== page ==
Gender and identity

In the first of a series of diversity lectures, Melissa E. Sanchez gave an inclusive overview of women’s rights history and discussed the work being done at the Center for Research in Feminist, Queer, and Transgender Studies.

An image of a Black woman with a flower crown. Text reads "no pride without Black trans lives"
The work of BIPOC activists is integral to the history of women's rights and LGBTQ+ rights, says Melissa Sanchez

In the first in a series of diversity lectures offered through the Office of Affirmative Action & Equal Opportunity Programs, Melissa E. Sanchez delivered an virtual University-wide talk, “Addressing a More Complex and Encompassing Understanding of Identity.” The series aims to foster civil discussion and promote cultural understanding, said associate director Ralph J. De Lucia, who introduced Sanchez.

Sanchez, director of the Center for Research in Feminist, Queer, and Transgender Studies at Penn, began with the modern history of women’s rights, often characterized by three “waves” of feminism: the first driven by a desire for suffrage, the second by equal pay, and the third which challenged the power of the patriarchy. This narrative “presents a false history and limits what we can imagine for a future work towards diversity, justice, and inclusion,” she said.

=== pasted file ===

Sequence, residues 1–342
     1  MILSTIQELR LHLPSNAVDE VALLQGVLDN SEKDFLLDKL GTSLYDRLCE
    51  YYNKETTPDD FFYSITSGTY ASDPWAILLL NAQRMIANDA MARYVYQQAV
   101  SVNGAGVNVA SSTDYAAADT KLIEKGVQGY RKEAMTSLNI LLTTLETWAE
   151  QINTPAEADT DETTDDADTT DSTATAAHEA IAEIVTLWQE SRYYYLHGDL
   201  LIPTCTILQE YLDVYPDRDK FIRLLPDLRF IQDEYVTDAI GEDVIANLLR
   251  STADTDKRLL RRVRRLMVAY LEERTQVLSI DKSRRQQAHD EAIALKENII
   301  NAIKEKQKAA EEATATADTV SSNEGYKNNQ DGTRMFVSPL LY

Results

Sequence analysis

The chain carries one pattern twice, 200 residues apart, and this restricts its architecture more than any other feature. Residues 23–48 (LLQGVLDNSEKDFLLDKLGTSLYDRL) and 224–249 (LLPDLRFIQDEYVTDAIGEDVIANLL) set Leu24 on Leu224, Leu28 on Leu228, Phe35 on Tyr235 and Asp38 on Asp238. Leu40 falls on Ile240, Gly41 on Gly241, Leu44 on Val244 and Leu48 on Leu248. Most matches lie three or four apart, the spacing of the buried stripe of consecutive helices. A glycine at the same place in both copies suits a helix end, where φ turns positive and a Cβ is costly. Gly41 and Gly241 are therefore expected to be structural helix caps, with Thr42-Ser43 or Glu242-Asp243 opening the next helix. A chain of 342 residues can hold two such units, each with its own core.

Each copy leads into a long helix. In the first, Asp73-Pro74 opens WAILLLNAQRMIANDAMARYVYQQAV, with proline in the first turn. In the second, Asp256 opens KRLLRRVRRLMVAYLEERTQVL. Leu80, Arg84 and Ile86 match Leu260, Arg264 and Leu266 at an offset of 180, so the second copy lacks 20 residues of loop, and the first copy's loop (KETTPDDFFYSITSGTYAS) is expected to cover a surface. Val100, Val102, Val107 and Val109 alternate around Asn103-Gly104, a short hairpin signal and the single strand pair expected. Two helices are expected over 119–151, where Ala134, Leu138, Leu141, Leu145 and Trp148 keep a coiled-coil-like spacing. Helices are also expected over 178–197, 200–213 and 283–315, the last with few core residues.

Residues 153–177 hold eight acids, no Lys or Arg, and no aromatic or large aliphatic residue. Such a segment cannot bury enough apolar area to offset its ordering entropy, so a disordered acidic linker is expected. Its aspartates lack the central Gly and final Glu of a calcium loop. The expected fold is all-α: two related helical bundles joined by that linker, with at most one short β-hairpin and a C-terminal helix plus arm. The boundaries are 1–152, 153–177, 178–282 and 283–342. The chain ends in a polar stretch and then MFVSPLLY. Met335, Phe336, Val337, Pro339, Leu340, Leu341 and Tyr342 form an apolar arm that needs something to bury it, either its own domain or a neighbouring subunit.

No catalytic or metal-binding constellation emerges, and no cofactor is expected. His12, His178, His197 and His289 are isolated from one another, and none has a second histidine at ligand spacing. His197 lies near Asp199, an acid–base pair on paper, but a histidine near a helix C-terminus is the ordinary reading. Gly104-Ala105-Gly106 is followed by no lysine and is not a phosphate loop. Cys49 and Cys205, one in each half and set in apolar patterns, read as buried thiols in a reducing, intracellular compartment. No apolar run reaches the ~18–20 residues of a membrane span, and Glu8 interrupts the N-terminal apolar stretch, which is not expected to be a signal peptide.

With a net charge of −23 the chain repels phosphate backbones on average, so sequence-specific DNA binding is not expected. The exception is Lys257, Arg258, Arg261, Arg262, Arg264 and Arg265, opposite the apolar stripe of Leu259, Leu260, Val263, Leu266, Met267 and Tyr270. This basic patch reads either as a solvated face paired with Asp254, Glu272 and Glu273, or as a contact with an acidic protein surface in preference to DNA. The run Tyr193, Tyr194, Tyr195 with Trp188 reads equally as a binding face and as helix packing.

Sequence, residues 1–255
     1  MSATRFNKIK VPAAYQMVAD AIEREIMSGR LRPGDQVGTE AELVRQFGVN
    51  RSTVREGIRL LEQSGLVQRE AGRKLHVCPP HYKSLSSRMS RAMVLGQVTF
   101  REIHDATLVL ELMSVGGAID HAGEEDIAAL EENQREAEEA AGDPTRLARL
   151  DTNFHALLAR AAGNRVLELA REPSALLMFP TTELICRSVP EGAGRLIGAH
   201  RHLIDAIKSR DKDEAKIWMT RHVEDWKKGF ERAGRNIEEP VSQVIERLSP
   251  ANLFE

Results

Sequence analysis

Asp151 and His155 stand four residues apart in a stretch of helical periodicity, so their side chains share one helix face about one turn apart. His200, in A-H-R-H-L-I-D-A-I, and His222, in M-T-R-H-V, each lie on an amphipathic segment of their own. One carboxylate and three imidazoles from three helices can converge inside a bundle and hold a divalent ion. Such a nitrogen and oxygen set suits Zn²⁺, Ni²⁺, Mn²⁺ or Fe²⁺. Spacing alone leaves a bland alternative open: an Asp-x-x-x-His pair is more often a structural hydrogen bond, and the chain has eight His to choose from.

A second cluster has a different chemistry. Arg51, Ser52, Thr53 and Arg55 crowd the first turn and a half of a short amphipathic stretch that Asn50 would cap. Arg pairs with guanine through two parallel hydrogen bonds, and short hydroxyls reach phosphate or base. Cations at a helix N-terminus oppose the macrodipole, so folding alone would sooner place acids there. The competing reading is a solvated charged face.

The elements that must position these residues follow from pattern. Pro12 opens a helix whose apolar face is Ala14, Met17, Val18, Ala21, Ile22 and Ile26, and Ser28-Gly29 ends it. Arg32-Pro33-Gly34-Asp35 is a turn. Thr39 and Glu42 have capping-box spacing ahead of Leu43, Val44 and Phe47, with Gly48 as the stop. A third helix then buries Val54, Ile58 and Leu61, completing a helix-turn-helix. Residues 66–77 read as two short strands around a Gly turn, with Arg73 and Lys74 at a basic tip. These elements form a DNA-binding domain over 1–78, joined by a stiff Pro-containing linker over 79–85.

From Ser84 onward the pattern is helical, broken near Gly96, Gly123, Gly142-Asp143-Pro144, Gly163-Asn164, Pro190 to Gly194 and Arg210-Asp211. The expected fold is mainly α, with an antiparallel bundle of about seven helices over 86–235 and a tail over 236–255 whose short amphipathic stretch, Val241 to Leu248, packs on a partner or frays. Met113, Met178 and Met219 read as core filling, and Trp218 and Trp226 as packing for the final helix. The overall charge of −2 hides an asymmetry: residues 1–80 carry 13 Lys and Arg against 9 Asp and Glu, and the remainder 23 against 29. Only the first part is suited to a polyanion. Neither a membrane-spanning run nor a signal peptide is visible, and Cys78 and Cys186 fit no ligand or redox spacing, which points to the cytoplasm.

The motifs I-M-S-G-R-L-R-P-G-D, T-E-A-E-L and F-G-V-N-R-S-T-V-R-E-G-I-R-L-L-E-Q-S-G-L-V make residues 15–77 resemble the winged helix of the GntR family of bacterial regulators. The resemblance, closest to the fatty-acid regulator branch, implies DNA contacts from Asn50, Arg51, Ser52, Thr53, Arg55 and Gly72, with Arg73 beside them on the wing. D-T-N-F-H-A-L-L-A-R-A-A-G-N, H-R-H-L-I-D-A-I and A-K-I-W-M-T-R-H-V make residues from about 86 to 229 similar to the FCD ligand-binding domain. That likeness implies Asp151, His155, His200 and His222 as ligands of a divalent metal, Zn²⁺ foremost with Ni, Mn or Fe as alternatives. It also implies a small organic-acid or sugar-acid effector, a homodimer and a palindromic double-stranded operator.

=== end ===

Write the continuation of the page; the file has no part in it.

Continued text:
A smiling woman stands in front of a building
Teaching, research, and administration roles all complement one another, says Sanchez. “I think of balance in relation to yoga... having balance doesn’t mean I’m comfortably sitting on this chair.” Balance isn’t an end point, she says, but something she constantly works toward in the midst of change.

The history of feminism has rewritten the movement as one centered on white, heterosexual, cis women, Sanchez said. “This narrative has the effect of rendering BIPOC [Black and Indigenous people of color] and trans scholars and activists either invisible or belated and therefore not only slighting their significant role in the past but also marginalizing them in continued work in the present and future.”

This imagined arc towards progress continues to center white women in the movement and whitewashes the “significant racism” of noted figures like Elizabeth Cady Stanton and Susan B. Anthony, Sanchez said, referencing Anthony’s comment, “I will cut off this right arm of mine before I will ever work or demand the ballot for the Negro and not the woman.” This conflict is often glossed over, she said, showing an image of a Central Park monument that depicted Stanton, Anthony, and Sojourner Truth sitting together, “conspiring, as it were, to get women the vote.”

Sanchez also referenced the problematic history of Alice Paul, the Penn graduate, suffragist, and former namesake of the Center for Research in Feminist, Queer, and Transgender Studies. In consultation with southern women, Paul refused to march alongside Ida B. Wells, the Black suffragist and anti-lynching activist who came to Washington to march for suffrage. The white activists decided that Wells and her contingency could march in a segregated section at the back. Wells refused. Black and Indigenous women “cannot afford to identify by gender alone,” Sanchez said, because their identities intersect with the rights of other groups as well.